As tutors, our primary responsibility is the sharing of learning with our learners. Beyond the four walls of the tutorial room, though, we are also expected to assist our learners to make full use of their learning opportunities. Its not just about teaching them what they need to learn, it’s also about teaching them how to learn. There are three ways in which tutors can assist learners to maximize learning.
Firstly, let’s begin with the premise that people are unique individuals and thus have different ways of dealing with their life experiences. It makes sense then to celebrate difference as a virtue in learning instead of viewing it as a learning impediment. Some learners prefer an open, interactive learning space where they are given room to voice their opinions and challenge received ideas. Yet others would be intimidated by such a volatile atmosphere, requiring more private spaces to process their ideas quietly. Given the myriad differences in learning styles, tutors would do well to vary their teaching approaches to accommodate learner diversity. By being flexible teachers, we help the learners to develop at their own pace in their own space.
Secondly, tutors also serve as role models for learners. We were once learners ourselves before we became tutors, and the truth is, we still are learners because learning is a life-long journey. In OUM, learning is sharing: everybody participates in a learning community which synergistically produces and refines knowledge by bouncing ideas off each other.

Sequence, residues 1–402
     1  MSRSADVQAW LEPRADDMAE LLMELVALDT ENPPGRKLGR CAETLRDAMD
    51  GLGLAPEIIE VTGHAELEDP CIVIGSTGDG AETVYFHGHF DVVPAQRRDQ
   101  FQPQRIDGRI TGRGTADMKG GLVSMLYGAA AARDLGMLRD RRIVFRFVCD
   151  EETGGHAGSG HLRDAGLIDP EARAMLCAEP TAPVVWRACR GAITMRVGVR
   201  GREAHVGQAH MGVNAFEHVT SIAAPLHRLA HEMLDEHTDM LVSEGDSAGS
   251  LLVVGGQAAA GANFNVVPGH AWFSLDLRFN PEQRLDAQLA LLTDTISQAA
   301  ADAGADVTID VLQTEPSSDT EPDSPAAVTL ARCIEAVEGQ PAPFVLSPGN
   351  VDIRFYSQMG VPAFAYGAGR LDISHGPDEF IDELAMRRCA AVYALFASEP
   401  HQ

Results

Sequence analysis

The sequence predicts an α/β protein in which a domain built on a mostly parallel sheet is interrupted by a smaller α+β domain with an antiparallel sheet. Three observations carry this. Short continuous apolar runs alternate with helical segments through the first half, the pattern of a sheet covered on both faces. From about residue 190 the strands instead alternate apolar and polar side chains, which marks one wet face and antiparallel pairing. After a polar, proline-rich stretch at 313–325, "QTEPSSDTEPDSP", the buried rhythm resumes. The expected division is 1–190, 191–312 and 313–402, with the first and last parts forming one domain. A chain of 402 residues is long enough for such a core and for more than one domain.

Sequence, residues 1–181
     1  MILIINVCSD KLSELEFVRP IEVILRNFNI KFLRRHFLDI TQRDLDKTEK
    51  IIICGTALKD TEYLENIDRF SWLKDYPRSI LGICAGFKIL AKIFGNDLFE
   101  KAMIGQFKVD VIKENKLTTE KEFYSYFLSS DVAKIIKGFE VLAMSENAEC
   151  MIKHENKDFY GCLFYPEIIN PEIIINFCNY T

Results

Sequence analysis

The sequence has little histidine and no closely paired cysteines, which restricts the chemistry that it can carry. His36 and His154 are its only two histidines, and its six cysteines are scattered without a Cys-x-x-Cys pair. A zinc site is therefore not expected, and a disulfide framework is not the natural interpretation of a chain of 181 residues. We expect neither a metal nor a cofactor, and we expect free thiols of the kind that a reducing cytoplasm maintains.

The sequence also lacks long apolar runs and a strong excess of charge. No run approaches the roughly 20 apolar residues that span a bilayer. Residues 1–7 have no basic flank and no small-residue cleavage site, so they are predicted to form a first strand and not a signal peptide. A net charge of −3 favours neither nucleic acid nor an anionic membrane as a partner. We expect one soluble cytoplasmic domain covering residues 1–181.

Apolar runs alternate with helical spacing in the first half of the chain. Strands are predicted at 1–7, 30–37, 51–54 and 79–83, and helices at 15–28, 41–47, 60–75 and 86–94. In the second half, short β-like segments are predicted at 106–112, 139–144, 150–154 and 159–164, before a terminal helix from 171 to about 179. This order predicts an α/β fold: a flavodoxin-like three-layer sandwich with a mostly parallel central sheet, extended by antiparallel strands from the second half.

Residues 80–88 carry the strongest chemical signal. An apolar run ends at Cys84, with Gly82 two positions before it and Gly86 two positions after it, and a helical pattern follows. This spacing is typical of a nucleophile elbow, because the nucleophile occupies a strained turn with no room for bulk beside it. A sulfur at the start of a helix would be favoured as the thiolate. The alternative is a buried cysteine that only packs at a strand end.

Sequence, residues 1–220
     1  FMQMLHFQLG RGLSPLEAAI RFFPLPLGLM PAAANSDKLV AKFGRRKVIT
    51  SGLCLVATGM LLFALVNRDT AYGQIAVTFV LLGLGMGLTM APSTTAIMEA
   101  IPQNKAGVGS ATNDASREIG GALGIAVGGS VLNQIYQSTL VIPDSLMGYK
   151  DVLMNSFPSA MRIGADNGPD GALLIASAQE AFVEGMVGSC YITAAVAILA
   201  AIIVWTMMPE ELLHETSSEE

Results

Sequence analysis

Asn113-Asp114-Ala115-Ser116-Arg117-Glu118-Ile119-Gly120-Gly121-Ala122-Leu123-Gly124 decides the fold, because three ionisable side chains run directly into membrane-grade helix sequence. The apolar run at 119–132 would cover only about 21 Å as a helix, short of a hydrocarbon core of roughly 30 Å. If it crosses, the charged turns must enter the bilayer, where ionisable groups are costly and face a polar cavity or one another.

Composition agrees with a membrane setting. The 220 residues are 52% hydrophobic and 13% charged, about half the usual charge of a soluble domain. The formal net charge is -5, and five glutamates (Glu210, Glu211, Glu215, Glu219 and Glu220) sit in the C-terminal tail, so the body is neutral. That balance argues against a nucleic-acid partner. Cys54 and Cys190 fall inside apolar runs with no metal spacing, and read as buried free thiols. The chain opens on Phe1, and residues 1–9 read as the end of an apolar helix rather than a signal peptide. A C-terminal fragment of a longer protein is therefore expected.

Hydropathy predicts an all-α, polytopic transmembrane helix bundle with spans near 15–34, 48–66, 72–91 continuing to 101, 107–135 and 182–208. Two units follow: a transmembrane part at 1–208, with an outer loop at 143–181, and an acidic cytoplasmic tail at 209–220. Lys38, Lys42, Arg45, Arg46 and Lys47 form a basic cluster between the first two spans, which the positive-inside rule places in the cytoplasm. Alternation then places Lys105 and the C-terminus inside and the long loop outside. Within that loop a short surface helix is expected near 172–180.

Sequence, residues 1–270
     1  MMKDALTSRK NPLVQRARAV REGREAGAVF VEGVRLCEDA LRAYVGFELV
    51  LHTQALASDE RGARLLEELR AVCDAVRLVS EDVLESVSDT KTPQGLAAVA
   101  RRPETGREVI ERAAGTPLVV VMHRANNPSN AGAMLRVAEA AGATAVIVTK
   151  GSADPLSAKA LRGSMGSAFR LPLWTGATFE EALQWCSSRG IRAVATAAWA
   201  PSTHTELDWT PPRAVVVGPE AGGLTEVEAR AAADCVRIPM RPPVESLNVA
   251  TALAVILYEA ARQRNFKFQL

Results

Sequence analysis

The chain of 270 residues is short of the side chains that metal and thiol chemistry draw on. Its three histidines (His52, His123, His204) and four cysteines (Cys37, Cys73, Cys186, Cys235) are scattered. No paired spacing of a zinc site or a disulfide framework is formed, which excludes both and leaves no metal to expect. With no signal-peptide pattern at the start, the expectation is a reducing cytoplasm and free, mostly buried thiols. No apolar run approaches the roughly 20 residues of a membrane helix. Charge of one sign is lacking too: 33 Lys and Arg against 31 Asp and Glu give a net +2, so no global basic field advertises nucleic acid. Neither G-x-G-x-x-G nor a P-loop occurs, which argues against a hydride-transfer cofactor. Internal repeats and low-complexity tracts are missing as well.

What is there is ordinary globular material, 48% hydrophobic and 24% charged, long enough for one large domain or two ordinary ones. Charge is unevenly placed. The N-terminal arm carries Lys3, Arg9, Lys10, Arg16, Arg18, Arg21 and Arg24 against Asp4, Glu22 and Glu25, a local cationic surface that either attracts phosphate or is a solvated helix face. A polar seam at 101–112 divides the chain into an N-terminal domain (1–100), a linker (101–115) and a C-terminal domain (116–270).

For example, one tutor found it useful to keep mind-maps and study notes in his pockets. In the bus, while waiting for a friend, whatever free time comes his way, he will flip through his learning materials and slowly but surely accumulate knowledge. He practically creates a personal learning space for himself regardless of where he is because the desire for learning transcends any spatial or temporal bounds. He makes it a point to share this tip with his learners: always make use of pockets of time. Steal a little bit of time before time steals away from you!
Thirdly, we can also introduce learners to various learning spaces that are available to them. More often than not, learners require some encouragement and coaxing to set them on the right path. This is especially true of our open and distance learning (ODL) environment where learners are exposed to advanced modes of sharing knowledge. With the advent of new technologies in education, learners no longer have to be physically present in a classroom to gain knowledge. They could be reclining on a couch at home, cradling their laptops, clacking away at the keys, communicating with tutors and fellow learners who are separated miles away .
For example, myLMS provides learners with discussion forums for each course. Learners have the opportunity to learn from their peers and tutors through exchange of ideas and notes, Q&As and collaborative work. All these new forms of learning allow for more efficient and effective sharing of knowledge in an age where information is constantly changing at an unprecedented rapid speed. Thus, ODL is the learning space of the future, best adapted to this modern mode of living.
In conclusion, tutors as facilitators are called upon to help their learners maximize learning by making learning spaces for them to grow. A push in the right direction makes a world of difference. Once put on the right track, our learners can slowly but surely learn to fashion their own unique learning spaces and gradually become independent and resourceful individuals.